In the recent General Election an estimated 1,379,700 voters were prevented from voting in secret because of inaccessible voting and registration methods. The Royal London Society for Blind People (RLSB) is calling for online voting to be introduced by 2020 to remove barriers for blind people to exercise their right to a secret ballot.
So I was excited to read this year's letter from Bill and Melinda Gates, as they have drawn attention specifically to these diseases which are part of a group called Neglected Tropical Diseases (NTDs). Neglected, not just because people haven't heard of them but because they are diseases of the most neglected people.
This week 69-year-old Winesi March, who has been blind for two years, will undergo life-changing surgery as the world watches. Twenty-four hours later anyone with an internet connection can rejoin Winesi and his family in rural Malawi as his bandages are removed and he sees his grandson for the first time.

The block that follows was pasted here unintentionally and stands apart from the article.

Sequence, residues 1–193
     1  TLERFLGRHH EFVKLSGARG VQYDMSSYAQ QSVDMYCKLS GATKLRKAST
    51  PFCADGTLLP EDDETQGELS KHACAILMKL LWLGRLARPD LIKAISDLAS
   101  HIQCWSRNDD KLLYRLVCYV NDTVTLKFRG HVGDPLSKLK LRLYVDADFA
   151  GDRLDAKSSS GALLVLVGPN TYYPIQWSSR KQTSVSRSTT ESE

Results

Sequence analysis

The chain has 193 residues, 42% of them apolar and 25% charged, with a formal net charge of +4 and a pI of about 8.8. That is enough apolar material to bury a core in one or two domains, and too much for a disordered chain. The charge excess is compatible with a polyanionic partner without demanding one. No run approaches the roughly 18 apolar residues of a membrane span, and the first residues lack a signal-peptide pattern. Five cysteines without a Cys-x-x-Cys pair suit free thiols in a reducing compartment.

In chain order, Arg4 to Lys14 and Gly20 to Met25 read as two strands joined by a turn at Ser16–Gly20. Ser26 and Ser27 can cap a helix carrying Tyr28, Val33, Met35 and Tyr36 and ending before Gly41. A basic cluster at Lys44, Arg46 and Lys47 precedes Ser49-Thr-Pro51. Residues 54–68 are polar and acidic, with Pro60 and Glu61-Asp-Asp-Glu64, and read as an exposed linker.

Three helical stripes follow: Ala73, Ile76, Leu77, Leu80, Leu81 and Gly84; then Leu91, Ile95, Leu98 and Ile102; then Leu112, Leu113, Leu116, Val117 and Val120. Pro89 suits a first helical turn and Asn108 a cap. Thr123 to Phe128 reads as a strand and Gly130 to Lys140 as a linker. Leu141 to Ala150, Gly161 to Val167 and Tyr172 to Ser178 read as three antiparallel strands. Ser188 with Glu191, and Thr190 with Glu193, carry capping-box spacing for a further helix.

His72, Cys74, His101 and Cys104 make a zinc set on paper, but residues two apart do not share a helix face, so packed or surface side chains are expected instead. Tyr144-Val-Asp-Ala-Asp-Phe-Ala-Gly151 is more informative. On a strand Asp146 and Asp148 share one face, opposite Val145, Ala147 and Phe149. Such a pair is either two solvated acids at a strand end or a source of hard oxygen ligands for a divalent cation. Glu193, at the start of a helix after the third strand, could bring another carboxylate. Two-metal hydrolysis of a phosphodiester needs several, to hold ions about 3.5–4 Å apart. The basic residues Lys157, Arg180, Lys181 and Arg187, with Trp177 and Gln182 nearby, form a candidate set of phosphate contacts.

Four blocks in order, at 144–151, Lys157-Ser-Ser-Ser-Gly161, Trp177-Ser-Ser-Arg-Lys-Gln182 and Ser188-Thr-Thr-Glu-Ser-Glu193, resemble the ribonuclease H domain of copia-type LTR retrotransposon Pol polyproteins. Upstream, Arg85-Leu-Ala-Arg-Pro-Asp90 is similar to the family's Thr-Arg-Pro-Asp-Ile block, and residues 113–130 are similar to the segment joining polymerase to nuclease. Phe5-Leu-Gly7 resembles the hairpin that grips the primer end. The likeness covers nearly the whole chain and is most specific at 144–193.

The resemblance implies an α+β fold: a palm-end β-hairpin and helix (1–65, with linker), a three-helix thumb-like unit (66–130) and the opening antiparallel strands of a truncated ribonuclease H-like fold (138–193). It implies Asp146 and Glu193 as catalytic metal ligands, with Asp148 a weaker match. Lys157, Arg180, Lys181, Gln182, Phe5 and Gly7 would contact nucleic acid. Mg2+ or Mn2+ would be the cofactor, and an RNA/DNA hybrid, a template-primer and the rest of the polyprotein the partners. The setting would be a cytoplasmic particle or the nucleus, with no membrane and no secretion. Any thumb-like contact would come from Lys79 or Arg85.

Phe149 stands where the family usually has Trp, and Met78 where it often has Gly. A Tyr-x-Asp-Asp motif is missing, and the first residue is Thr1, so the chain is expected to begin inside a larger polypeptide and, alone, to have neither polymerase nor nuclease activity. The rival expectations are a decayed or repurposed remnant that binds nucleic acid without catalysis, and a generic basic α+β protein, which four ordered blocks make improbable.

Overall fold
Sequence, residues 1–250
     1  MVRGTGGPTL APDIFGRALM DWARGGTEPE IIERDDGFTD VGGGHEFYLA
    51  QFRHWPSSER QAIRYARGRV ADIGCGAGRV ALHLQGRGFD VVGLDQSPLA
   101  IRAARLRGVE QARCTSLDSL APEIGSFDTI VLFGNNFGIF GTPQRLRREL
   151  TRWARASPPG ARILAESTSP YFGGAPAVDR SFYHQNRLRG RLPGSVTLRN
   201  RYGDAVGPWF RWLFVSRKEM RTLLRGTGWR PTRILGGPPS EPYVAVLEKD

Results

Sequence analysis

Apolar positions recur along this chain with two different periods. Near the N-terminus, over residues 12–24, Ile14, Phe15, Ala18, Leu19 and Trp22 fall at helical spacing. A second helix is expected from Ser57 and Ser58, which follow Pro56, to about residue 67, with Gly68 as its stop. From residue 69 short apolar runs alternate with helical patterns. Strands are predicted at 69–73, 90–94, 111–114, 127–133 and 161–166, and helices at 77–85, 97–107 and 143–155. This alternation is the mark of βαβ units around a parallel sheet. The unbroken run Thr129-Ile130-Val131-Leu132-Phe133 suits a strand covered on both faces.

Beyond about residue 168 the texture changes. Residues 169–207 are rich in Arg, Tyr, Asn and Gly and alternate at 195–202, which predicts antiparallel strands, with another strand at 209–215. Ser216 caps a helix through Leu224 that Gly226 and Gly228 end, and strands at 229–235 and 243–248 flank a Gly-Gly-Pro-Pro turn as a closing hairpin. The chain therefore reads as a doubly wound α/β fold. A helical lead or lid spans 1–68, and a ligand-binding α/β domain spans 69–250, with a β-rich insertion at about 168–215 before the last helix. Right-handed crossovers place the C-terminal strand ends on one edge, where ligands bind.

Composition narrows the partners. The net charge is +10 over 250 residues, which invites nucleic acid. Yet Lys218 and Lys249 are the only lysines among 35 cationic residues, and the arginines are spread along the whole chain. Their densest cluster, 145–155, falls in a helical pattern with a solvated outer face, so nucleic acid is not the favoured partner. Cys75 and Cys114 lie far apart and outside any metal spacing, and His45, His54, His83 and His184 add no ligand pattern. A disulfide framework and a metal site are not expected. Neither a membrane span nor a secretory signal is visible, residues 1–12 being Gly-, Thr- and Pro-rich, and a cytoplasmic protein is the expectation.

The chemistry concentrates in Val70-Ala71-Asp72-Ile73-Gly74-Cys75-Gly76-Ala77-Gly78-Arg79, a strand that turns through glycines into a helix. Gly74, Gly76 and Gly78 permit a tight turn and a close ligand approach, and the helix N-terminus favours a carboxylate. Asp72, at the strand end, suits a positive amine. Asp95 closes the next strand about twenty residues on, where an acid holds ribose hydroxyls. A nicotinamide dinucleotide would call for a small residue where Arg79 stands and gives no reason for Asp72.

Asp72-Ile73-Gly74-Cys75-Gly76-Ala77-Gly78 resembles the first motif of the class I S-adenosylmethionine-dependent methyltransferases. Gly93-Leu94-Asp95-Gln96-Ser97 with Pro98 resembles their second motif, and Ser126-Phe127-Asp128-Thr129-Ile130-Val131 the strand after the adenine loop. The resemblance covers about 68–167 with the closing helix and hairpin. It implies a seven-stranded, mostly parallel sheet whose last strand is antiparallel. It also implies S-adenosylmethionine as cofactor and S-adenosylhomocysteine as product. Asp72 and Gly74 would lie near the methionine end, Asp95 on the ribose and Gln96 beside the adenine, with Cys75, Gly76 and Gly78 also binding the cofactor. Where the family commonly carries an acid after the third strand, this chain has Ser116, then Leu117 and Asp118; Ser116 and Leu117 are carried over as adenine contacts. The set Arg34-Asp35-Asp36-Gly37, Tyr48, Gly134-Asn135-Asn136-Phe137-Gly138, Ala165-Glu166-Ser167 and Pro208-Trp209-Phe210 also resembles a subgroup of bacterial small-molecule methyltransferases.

In this modern day, society has been cultivated towards the productivity of the Internet and its many social media platforms. From Twitter, Facebook and YouTube with millions of people across the world accessing them on a daily basis it is no wonder that many are turning to the Internet to make new discoveries.
All too often disabled people are being hit the hardest by this Government's spending cuts. Many disabled people are struggling to make ends meet as they face long delays for assessment for PIP, have been hit by the bedroom tax and experience cuts to social care. In reality, the only way to keep spending below the newly announced welfare cap will be to restrict benefits for this same group.
In January last year I noticed that I was having difficulties reading emails and was having to squint to read small text. This was unusual for me as I had perfect vision my whole life. I immediately went to an optician and expected to be given glasses, but instead I was rushed to hospital because it turned out that I had profound vision loss in one eye...